Cleveland Clinic performs first purely laparoscopic living donor surgery for liver transplant

Data pix.

CLEVELAND, Ohio - The Cleveland Clinic has successfully performed the Midwest’s first purely laparoscopic living donor surgery for liver transplantation in an adult recipient.

That's according to a press release from the hospital.

The laparoscopic procedure is performed with surgical tools and a camera inserted through a few half-inch holes in the abdomen of the living donor.

The procedure is minimally invasive, and the Clinic says it benefits the living donor, because the post-op recovery is quicker.

According to the Clinic, on August 19, Choon Hyuck David Kwon, M.D., Ph.D., director of Laparoscopic Liver Surgery at Cleveland Clinic's Digestive Disease & Surgery Institute, led a team of surgeons and nurses during the procedure that extracted a third of the liver from a 29-year-old living donor.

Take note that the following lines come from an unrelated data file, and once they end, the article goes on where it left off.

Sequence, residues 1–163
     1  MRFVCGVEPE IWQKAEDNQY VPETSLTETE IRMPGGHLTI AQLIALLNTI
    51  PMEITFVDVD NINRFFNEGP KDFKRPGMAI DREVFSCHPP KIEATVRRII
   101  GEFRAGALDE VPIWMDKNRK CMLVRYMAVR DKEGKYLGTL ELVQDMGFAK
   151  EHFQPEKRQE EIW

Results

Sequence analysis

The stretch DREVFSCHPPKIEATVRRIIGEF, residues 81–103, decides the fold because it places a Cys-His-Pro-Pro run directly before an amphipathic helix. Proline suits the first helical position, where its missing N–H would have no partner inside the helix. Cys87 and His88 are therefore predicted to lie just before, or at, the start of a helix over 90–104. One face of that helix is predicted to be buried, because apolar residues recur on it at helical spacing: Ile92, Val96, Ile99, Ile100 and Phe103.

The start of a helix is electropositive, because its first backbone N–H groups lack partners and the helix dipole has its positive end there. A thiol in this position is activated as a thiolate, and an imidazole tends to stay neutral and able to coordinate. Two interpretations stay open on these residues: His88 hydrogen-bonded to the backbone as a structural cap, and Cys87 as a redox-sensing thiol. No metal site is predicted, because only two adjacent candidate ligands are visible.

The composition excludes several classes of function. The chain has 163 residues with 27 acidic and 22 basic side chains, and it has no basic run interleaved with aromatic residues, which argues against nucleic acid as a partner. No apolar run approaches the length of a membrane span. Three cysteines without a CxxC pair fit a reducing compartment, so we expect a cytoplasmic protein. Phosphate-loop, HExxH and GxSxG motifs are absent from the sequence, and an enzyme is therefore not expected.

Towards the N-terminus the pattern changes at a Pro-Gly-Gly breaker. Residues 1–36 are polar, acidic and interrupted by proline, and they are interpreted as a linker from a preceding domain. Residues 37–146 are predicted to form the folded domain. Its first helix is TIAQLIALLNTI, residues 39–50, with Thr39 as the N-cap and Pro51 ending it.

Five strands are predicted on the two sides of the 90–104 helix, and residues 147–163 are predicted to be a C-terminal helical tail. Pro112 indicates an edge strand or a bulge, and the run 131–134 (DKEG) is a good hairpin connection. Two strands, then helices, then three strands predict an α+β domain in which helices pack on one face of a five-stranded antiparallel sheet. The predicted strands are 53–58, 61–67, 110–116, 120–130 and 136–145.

In an adjacent operating room, Koji Hashimoto, M.D., Ph.D., Cleveland Clinic’s director of Living Donor Liver Transplantation, and his team received the donated segment of the liver and performed the transplant in a 66-year-old recipient.

“Living donor liver transplantation can save sick patients before they become too ill for a transplant,” said Dr. Hashimoto.

Since the first case at Cleveland Clinic in August, Dr. Kwon and his team have successfully performed the purely laparoscopic procedure on four more living liver donors, the hospital says.

Notice: you are using an outdated browser. Microsoft does not recommend using IE as your default browser. Some features on this website, like video and images, might not work properly. For the best experience, please upgrade your browser.